For many observing and participating in the crypto industry, conversations that include “blockchain” and “energy” often revolve around the resources required to mine proof-of-work blockchains like Bitcoin and their environmental impact.
In many ways, this is for good reason: Much of Bitcoin’s mining is done using cheap, coal-powered electricity in China. While initiatives like Soluna’s wind-powered mining farm provide a more sustainable path forward, energy consumption and waste remains a challenge for the proof-of-work crypto community — but this is only one of the ways that the blockchain and energy industries intersect.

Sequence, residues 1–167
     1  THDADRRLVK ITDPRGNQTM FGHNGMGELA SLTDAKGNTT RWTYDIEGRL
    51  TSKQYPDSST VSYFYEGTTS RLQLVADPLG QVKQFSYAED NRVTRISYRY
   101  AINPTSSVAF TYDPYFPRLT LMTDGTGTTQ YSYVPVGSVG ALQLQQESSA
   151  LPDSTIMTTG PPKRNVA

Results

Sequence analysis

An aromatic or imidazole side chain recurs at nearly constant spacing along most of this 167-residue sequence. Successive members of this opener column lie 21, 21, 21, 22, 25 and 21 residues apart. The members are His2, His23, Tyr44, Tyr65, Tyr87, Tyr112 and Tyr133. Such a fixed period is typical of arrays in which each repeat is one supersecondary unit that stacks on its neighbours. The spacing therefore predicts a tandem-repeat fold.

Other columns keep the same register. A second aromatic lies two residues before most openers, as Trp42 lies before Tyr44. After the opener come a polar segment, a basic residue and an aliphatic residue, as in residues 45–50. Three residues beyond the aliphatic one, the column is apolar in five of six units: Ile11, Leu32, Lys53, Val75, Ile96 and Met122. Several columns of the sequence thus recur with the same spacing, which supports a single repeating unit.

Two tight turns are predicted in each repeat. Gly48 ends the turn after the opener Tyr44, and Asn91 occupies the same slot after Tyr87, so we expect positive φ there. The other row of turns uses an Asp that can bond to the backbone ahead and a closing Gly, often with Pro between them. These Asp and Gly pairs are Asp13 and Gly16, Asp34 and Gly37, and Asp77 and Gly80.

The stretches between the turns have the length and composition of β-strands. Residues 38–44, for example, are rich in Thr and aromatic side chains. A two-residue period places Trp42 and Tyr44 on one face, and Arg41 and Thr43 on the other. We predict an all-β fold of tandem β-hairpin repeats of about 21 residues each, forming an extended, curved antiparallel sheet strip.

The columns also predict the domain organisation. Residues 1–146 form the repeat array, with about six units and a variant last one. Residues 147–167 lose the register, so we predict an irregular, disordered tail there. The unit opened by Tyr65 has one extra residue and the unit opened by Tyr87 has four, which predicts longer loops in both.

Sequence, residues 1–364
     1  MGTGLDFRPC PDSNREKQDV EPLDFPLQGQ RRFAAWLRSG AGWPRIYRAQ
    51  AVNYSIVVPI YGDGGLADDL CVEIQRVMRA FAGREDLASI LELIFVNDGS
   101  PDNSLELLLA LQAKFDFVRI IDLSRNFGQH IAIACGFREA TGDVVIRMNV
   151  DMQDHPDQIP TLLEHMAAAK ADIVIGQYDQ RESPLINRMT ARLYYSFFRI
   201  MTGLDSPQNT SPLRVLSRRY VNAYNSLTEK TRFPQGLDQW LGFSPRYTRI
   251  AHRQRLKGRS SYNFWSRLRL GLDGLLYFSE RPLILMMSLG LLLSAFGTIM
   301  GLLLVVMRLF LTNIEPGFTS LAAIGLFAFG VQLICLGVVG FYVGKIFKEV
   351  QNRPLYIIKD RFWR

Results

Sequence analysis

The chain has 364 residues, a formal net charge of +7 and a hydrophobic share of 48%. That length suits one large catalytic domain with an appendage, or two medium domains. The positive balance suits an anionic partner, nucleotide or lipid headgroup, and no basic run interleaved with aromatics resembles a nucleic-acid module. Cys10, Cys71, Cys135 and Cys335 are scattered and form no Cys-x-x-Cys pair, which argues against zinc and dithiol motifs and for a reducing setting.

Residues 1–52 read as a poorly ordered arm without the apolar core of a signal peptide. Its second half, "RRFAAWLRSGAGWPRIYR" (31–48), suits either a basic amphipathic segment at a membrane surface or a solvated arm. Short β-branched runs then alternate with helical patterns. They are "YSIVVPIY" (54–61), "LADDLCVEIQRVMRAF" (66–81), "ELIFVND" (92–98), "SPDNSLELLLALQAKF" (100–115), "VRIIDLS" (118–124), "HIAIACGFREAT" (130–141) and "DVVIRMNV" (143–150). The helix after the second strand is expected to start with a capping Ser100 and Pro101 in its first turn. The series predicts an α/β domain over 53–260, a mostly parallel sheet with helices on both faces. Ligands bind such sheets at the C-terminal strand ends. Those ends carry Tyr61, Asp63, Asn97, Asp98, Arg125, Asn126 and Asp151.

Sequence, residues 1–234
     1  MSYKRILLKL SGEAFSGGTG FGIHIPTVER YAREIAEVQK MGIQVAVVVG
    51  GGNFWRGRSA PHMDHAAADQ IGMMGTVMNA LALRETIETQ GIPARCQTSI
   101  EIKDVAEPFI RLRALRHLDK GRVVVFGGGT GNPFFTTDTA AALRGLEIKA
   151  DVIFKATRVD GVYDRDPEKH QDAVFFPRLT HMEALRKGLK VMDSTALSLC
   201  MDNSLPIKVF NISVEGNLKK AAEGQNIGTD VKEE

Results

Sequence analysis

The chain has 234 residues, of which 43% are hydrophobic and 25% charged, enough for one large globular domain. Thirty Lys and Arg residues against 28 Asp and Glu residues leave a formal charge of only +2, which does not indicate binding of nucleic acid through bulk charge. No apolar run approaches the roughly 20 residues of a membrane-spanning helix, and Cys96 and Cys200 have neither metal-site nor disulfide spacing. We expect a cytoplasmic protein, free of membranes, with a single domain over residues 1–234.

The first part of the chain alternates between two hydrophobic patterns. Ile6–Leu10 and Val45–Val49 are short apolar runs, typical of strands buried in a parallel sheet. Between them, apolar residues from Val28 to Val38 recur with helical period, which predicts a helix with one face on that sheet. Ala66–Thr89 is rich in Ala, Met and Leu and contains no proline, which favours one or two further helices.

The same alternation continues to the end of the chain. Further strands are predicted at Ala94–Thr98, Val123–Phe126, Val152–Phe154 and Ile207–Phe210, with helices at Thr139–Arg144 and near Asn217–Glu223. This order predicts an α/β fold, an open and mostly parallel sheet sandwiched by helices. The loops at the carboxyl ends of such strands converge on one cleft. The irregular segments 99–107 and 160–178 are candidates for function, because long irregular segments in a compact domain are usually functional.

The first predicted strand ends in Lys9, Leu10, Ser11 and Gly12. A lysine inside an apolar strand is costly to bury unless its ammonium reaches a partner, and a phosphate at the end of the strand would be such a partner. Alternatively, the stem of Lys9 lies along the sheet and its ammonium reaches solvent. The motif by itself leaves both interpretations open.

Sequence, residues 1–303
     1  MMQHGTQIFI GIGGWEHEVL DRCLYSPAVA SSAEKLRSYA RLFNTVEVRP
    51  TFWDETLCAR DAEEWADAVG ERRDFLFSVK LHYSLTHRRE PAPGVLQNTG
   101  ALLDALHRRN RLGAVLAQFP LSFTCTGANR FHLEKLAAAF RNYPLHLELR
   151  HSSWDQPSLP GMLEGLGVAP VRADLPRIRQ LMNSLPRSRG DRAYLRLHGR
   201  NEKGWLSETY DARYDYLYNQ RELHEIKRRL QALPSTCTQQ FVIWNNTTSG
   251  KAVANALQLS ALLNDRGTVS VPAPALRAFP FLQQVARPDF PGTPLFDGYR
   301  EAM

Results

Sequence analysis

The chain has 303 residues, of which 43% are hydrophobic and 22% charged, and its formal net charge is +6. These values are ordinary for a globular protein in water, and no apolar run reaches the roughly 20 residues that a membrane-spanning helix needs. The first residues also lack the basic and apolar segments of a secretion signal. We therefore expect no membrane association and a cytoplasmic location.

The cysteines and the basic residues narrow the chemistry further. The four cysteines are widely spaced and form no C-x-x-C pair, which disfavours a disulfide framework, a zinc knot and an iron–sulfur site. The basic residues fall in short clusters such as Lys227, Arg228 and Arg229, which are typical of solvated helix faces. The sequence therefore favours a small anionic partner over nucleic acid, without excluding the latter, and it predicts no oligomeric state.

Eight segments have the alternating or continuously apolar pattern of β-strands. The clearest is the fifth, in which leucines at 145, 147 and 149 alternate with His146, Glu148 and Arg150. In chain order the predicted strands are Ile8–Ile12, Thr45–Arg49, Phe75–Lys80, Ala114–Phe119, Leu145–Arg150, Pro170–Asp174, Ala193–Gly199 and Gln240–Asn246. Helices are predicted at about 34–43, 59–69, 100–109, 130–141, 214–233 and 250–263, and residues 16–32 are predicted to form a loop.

For the past several years, there has been speculation into blockchain technology’s ability to actually make the energy sector more efficient. The energy sector today is a highly transactional and complex system with multiple sources, suppliers, distributors and middlemen, and several crypto startups have emerged to streamline existing processes and create new functionality. Areas of opportunity include commodities trading, peer-to-peer energy trading, elimination of middlemen retailers, data management, accounting and automation.